The Joe Lovano Nonet revisits Miles Davis’s Birth of the Cool
This set could provide a scintillating new look at one of the landmark recordings of the 20th century, or it could turn out to be a calculated festival project that looks better on the program than it sounds onstage. Thankfully a band almost identical to this one has already investigated Miles Davis’s canonical LP on Joe Lovano’s latest album, Streams of Expression (Blue Note), so the odds favor the former. It also seems likely that Lovano and company will invite alto saxophonist Lee Konitz–who participated in the Birth of the Cool sessions and is already here at the fest–to join them. To hear Konitz rip into a tune like “Move” with all he’s learned in the past 50 years would really be a treat, and I can’t imagine why anyone would pass up an opportunity to make it happen. In any case it’s a pleasure to have Lovano in town–his serious tenor playing, lent extra gravitas by his paternal presence, is arguably the most influential sound among the past decade’s batch of New York saxophonists and always excellent fodder for thoughtful appreciation. The nonet includes rich-toned baritone saxist Gary Smulyan, who’ll cover Gerry Mulligan’s parts, and altoist Steve Slagle, who’s distinctly un-Konitz-like but excellent in his own right. JC
JAZZ ON JACKSON
With four winds, the Lucky 7s might well blow the house down–which would only be fitting, since this seven-piece cross-country creative-music band was formed in response to Hurricane Katrina. In the aftermath of the storm, four Chicago improvisers–Jeb Bishop on trombone, Josh Berman on cornet, Jason Adasiewicz on vibes, and Keefe Jackson on tenor sax–teamed up with three key New Orleans players: trombonist Jeff Albert (who founded the group with Bishop), drummer Quin Kirchner, and bassist Matthew Golombisky. JC
Crescent City/Windy City Jam with Maurice Brown and Corey Wilkes
Leading this jam are two fine young trumpeters who’ve made the rounds and paid their dues in innumerable Chicago sessions. Maurice Brown, for years an almost legendary wunderkind, has worked with all sorts of mainstream heavies, including Johnny Griffin and Jon Faddis. Corey Wilkes is a bit more adventurous–he’s playing trumpet in the Art Ensemble of Chicago, such as it is in its post-Malachi Favors state. JC
Rebirth Brass Band
R Now in its third decade, Rebirth carries a torch for the classic New Orleans brass-band sound and simultaneously pushes the envelope, funkifying familiar pop and rock tunes and even cutting some brash hip-hop into the mix. Last year’s The Main Event: Live at the Maple Leaf (Mardi Gras) bubbles over with fat sounds, fleet rhythms, and relentless polyphonic energy–these guys could go head-to-head with any Balkan brass ensemble. PM
JAZZ & HERITAGE STAGE
Civic & Arts Jazz Ensemble
The winners of the annual jazz competition hosted by the Union League Civic & Arts Foundation spend their yearlong tenure playing together at events throughout the Chicago area; the current lineup includes guitarist Dan Effland, bassist Patrick Mulcahy, drummer Nils Higdon, and pianist Ben Paterson. PM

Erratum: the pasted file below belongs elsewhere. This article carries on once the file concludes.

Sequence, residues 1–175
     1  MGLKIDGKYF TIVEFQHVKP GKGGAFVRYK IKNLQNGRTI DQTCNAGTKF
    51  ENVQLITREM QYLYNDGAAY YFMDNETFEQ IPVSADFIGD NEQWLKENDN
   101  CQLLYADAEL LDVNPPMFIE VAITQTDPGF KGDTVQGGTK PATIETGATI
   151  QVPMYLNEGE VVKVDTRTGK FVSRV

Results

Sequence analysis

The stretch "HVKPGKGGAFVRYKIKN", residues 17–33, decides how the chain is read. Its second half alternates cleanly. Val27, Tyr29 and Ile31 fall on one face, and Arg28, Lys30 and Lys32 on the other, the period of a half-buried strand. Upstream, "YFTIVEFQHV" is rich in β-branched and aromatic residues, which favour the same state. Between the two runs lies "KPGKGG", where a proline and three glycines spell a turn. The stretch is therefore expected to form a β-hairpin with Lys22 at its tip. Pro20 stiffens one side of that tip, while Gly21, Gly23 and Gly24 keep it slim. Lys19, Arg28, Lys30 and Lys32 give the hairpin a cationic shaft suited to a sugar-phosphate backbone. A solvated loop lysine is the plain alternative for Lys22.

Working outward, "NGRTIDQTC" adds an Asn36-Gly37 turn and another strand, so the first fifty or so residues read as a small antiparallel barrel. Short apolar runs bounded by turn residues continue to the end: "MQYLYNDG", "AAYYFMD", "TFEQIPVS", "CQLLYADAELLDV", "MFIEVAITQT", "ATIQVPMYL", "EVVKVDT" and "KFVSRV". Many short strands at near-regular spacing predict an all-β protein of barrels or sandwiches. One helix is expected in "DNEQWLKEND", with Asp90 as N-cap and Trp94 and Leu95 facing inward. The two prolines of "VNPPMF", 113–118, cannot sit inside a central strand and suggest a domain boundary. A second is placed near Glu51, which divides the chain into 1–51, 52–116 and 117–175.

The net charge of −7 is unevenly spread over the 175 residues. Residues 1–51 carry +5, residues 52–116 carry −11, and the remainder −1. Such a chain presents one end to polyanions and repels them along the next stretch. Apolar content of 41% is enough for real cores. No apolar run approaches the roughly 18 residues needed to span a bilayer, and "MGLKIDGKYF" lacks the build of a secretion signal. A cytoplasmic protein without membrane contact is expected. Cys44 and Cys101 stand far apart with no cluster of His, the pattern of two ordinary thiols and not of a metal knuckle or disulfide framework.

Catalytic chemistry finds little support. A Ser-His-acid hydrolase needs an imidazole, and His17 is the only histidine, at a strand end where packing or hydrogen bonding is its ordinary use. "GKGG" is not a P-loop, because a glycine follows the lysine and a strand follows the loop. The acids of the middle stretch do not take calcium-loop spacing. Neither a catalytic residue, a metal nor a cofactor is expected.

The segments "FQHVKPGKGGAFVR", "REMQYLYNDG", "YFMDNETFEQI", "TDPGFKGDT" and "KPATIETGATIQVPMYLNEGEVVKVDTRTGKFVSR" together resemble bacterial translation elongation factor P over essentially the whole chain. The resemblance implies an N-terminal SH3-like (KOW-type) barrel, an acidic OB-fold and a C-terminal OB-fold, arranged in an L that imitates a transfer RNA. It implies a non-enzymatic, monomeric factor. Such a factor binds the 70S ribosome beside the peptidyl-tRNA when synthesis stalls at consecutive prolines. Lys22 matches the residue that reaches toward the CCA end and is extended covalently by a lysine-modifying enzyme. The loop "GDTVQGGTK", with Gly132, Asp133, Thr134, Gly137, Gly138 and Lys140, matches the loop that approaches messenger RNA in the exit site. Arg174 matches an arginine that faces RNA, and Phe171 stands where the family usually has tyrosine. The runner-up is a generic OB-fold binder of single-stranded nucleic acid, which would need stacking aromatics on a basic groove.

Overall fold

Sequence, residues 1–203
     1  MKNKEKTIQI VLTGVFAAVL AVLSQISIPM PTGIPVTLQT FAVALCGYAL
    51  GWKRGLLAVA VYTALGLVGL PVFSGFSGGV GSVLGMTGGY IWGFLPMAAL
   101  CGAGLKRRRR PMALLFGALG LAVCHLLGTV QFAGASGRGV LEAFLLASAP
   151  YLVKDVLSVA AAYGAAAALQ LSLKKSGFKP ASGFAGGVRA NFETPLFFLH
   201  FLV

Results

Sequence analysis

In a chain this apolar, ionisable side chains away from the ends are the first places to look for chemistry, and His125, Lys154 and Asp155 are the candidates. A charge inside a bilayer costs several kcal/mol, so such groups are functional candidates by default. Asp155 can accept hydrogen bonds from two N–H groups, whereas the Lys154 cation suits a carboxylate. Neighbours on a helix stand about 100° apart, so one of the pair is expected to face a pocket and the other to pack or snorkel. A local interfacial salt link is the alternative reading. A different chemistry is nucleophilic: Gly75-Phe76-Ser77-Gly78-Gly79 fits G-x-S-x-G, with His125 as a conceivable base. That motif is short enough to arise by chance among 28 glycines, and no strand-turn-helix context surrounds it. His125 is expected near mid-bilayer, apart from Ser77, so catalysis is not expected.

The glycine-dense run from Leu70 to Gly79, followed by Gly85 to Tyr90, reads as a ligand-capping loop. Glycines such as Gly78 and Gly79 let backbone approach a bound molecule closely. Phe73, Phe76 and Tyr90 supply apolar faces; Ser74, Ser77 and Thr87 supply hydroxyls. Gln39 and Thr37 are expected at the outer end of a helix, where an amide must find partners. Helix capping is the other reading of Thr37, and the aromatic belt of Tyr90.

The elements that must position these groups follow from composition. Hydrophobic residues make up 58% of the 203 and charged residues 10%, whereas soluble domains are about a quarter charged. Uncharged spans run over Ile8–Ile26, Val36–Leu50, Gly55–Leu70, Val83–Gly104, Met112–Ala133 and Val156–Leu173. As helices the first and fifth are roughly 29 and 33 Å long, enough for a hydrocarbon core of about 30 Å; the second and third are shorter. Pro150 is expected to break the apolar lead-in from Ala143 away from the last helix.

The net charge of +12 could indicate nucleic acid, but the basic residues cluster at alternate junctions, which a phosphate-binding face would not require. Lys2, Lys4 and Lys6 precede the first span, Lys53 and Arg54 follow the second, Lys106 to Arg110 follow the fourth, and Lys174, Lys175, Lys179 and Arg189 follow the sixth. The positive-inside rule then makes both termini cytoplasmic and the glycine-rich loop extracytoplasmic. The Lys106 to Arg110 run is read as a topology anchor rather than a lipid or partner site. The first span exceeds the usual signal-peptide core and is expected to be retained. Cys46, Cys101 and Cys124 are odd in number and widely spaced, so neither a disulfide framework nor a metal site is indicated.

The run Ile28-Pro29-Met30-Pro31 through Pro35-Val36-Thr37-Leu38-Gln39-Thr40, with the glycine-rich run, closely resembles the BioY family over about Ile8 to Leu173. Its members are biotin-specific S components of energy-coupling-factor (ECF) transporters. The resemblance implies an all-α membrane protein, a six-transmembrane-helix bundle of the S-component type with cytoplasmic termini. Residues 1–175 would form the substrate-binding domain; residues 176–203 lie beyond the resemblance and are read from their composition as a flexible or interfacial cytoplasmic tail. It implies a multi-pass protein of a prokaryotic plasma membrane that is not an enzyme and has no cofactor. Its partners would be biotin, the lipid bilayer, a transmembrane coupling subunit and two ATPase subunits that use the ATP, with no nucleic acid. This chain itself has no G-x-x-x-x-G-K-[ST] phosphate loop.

Led by Syrian percussionist Omar Al Musfi, this local band weds the improvisational language of jazz to Arabic rhythms and modes. The players negotiate what could be a lumpy mix with skill and flash, but a whiff of jazz-rock fusion often taints their music. PM
A History of Jazz with John Watson
Onetime Count Basie trombonist John Watson delivers a history lesson that aims to cover a century of jazz in 60 minutes. He’s a bit of a stand-up artist as well as a musician–in his regular gig with Yoko Noge’s Jazz Me Blues, he’s fond of punctuating the tunes with tall tales and off-color remarks–so this should be anything but a dusty lecture. JC
PETRILLO MUSIC SHELL
Donald Harrison Quintet
Although alto saxophonist Donald Harrison made his name as one of the last members of Art Blakey’s Jazz Messengers, his commitment to hard bop hasn’t diminished his deeply rooted love for New Orleans jazz. He’s still chief of his late father’s Mardi Gras Indian tribe, and on his 2004 album Free Style (Nagel Heyer) he spikes his fluid solos with plenty of Crescent City funk. He’s joined here by young lion trumpeter Christian Scott (who’s also his nephew), bassist Luques Curtis, drummer John Lamkin, and pianist Dan Kauffman. PM
Willie Pickens 75th birthday celebration
R Pianist Willie Pickens is so young at heart it’s hard to believe he’s been on the Chicago jazz scene since the late 50s. When he sits at the keys, though, it gets a little easier: you can hear all that experience in everything he plays. Not only is he fantastic out front, as a soloist or bandleader, but he’s also the ultimate rhythm-section pianist, beloved for his good taste, restraint, and thorough command of postbop’s harmonic possibilities–he adds his own great ideas without drawing too much attention away from the soloist, a skill he deployed notably as a member of Elvin Jones’s Jazz Machine. Of late Pickens has been paying more attention to a different side of his musical personality as a deacon at the Hyde Park Union Church, and on the two volumes of JazzSpirit, his wondrous new Southport release, he walks several Chicago all-star groups through a selection of sacred songs–a project that recalls Gene Ammons’s great old dip into the ecclesiastical book. Here he’ll be playing as part of a fine local quintet that includes saxist Pat Mallinger and trumpeter Tito Carrillo, but no matter what the setting it’d be a treat to celebrate three quarters of a century with Mr. Pickens. JC